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Friends Life imposes 21% fee hike on 2,000 Sipp investors

Friends Life has come under fire after the insurer hiked Sipp fees 21 per cent for 2,000 policyholders in response to rising regulatory costs.

The provider is contacting Sipp clients six weeks before their anniversary date – when the increase comes into effect – to warn them about the fee rise.

A Friends Life spokeswoman says the decision comes in response to tougher Client Money and Asset Return regulations introduced by the regulator in 2011.

She says: “We are increasing the policy fee of some Sipp products to cover the additional costs incurred as a result of Client Money and Asset Return regulation. This increase follows a number of years where no fee increases have been required.”

She says the regulations have meant additional responsibilities and reporting activity for the banking, assets and compliance teams, plus the cost of external client assets sourcebook audits.

She adds: “We have managed to absorb the additional costs since 2011, but it is now necessary to increase the charges on the policies to cover them.”

First Financial IFA principal Graham Franklin says: “I have three clients with commercial property in a Friends Life Sipp and it is not possible to complete a transfer in six weeks.

“The Sipp fees are paid in advance, so as things stand my clients will have to pay 10 months of fees to Friends Life even though they will no longer be the administrator.

“That is not fair and it smacks of a provider wanting to get out of the Sipp market.”

More to Sipps principal John Moret says: “A 21 per cent increase in fees will make Friends Life extremely uncompetitive and sends a signal that they no longer want to play in the Sipp market.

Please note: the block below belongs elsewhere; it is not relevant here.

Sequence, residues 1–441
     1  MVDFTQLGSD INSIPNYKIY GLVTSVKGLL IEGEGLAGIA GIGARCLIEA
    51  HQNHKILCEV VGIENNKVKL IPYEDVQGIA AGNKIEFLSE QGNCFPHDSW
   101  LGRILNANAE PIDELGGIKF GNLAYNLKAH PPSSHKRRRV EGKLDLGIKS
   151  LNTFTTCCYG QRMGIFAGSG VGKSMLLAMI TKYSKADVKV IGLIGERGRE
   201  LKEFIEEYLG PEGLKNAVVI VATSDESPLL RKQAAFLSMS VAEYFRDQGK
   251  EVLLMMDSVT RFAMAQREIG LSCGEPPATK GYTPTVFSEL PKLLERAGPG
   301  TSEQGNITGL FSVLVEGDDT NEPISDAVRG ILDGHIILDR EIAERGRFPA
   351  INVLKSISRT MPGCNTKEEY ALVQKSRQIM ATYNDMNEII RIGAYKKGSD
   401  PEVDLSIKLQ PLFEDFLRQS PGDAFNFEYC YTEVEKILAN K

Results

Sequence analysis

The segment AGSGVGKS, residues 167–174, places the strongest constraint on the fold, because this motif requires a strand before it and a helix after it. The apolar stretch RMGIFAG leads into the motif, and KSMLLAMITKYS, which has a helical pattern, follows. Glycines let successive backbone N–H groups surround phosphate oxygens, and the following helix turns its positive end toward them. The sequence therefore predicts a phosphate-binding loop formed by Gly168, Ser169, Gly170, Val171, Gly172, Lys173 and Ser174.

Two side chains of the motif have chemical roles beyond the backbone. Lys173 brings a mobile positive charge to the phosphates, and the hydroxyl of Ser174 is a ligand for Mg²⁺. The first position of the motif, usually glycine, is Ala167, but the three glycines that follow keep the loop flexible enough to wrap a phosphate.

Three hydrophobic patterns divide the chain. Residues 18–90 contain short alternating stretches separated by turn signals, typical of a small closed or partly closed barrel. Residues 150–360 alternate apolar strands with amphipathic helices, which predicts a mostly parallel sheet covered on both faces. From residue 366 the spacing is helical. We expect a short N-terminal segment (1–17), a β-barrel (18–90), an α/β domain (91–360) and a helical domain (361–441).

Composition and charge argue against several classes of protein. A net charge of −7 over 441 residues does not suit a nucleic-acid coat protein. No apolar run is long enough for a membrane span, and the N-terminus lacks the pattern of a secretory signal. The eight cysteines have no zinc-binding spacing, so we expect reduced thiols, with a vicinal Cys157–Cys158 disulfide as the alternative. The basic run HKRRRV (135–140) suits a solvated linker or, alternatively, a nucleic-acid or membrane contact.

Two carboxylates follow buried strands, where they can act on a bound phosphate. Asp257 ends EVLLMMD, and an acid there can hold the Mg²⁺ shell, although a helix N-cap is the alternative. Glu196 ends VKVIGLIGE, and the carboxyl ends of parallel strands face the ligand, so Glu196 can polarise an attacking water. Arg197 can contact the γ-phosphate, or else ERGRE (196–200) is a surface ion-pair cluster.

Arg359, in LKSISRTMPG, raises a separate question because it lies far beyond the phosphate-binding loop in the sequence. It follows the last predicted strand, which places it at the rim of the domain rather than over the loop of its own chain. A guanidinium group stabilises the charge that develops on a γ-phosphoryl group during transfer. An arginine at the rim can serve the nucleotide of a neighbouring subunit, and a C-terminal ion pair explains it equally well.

“I expect we will see more of this sort of activity from firms who do not see Sipps as a core part of their business.”


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There are 5 comments at the moment, we would love to hear your opinion too.

  1. I dont really see a problem with this.

    Increased costs driven by regulation need to be passed on to consumers if companies are to be successful.

    I suspect that there will be many others following suit.

    As for the adviser who stated that properties cannot be transferred in six weeks:

    1 – they can if you use the right parties;
    2 – thats what happens when you buy illiquid assets.

  2. Why would anyone use Friends Life for a SIPP and presumably those that have will now be transferring. Another vulture fund shows its colours.

  3. Harry, I always look forward to reading your comments, level headed and with common sense but these clients have had their SIPP since 2001, initially with Winterthur, then AXA Wealth and finally Friends Life. It costs about £3-£4K to move a SIPP with property so you don’r want to move it unless you have to. But I agree starting from now or in the recent past you would never use Friends Life.

    With regard to Gordon, yes companies will always say transfers can be done quickly, the reality is that is very rarely the case, I prefer to live in the real world. Surely commercial property held in a SIPP is a major advantage of having a SIPP, the illiquid nature of the asset should not be an excuse to set penal fee increases and even more penal terms of exit.

  4. @ Graham Franklin

    I have been involved with many urgent property transfers so it can be done – providing all parties co-operate of course!

    Re the fees – I may be wrong but my understanding is that this relates to additional regulatory requirements. The more onerous and expensive the regulation the more providers (and advisers) will have to increase their fees.

  5. @ Graham
    Yes I do realise that. Indeed I did have a client in a Winterthur SIPP. The service was so bad that we transferred out and the property transfer wasn’t that terrible.

    As far as property in a SIPP is concerned I have to say I’m not all that keen anyway. As has already been stated an illiquid and cumbersome investment, but it can be useful when the rent is added into the fund. However many clients are put off when they realise it is not they who own the property and they have to suffer all the admin hoopla of being told what to do with something they regard as their own. Indeed SIPP providers like property as it tends to tie in the investor and it hikes the fees.

    Indeed I have a solution where individuals can buy the property in their own names (personally – not in a pension) in a reasonably tax efficient way. The great advantage is that the asset is then their personal property and the income from the rental can be theirs for as long as they wish – without the associated drawdown rules and fees.

    PS Thank you for your kind comments – flatterer!

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